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Dr. John Bruno, Professor in the Department of Biology at UNC, is the co-author of a recent publication looking into pencil sea urchin populations in Galapagos and how they adapt to their local temperature. Lead author and GSC researcher Isabel Silva Romero and team recently published their findings in Marine Biology titled “Local conditions influence thermal sensitivity of pencil urchin populations (Eucidaris galapagensis) in the Galápagos Archipelago.”

In this work, pencil sea urchin populations at warmer sites were found to have higher tolerance for warmer temperatures, suggesting some capacity to adapt and acclimatize to ocean warming. This finding could also help explain how this ubiquitous species is so successful across the Galapagos archipelago, thriving in a wide range of environmental conditions.

For this study the team tested the hypothesis that the thermal sensitivity of ectotherms varies directionally across a temperature gradient. This was done by comparing Thermal Performance Curves (TPC) based on temperature-specific individual respiration rates of the conspicuous pencil sea urchin at four sites ranging in thermal history in the Galapagos Islands. The team took advantage of the natural and highly variable oceanic conditions of the archipelago, where the convergence of currents and the El Niño-Southern Oscillation cycle (ENSO) results in variation of the sea surface temperature across space and time. The pencil urchin was selected for study as this species is one of the most significant mesograzers and bioeroders in the system.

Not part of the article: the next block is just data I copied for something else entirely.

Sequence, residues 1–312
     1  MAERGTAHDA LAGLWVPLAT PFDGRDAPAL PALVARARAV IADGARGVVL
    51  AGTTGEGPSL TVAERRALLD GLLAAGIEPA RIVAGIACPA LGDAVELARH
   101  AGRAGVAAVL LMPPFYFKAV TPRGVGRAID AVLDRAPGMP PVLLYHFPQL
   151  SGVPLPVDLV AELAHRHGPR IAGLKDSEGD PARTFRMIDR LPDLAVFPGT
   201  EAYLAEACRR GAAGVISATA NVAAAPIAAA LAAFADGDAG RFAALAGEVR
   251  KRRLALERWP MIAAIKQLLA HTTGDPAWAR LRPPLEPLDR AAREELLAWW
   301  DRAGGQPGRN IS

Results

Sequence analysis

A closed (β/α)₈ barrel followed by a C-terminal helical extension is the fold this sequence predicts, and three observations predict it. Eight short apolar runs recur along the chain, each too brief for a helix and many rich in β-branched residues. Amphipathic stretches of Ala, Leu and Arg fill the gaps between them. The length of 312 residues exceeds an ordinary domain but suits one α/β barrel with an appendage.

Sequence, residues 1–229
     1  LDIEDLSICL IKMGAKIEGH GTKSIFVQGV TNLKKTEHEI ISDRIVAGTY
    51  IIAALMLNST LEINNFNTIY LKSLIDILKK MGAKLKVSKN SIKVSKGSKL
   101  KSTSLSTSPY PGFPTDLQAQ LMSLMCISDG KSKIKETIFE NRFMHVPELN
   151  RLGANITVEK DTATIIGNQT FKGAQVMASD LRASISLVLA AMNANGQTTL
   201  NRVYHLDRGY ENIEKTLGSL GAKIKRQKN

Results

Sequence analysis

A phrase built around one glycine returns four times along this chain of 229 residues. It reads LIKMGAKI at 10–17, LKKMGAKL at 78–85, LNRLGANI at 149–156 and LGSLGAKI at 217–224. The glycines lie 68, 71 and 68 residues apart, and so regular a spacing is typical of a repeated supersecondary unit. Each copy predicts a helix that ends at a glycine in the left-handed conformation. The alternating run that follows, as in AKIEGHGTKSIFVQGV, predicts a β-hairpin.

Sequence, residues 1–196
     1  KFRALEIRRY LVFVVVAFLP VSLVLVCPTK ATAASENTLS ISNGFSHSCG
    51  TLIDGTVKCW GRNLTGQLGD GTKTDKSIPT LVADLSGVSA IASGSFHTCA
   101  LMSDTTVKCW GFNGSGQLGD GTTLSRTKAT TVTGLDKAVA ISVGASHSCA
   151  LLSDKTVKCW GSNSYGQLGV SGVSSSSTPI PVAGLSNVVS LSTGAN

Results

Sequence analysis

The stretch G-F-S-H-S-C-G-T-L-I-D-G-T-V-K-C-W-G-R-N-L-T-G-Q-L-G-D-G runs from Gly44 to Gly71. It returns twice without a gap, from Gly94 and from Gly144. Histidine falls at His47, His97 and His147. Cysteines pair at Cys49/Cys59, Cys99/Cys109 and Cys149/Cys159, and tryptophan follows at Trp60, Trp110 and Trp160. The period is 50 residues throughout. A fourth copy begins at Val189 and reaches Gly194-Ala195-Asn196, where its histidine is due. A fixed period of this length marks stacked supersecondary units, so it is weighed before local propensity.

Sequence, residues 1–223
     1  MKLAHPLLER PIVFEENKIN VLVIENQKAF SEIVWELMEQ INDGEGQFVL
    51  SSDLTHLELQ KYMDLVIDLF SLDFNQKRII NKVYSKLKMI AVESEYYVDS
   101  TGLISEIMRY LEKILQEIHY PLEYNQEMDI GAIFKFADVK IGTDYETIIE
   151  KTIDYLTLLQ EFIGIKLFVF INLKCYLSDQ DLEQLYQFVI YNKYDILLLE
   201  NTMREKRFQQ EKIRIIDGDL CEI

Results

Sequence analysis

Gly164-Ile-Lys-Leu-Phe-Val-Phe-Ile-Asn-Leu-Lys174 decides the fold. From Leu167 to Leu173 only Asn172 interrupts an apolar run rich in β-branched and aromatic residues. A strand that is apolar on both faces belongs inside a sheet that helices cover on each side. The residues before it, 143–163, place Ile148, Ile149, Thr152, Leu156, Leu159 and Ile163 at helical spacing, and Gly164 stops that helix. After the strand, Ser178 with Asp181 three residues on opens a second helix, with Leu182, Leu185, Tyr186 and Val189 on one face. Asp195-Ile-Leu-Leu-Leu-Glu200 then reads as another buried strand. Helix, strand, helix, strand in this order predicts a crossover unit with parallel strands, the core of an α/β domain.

Their findings showed that urchin populations at warmer locations were more tolerant of high temperatures than cooler site populations, suggesting they have some capacity to adapt and acclimatize to their local thermal conditions. This could help explain how this ubiquitous species is so dominant across the shallow rocky reefs of the archipelago, thriving in a wide range of environmental conditions. However, ocean warming is linked to increased metabolism of ectotherms; and in cases where species are dominant community members, increased predation with warming (in this case, on macroalgae beds) can lead to wide-ranging changes in community state and functioning. Nowadays, studies of thermal responses in the face of anthropogenic heating are crucial to determine the fate of marine ecosystems.


Read the full article here.

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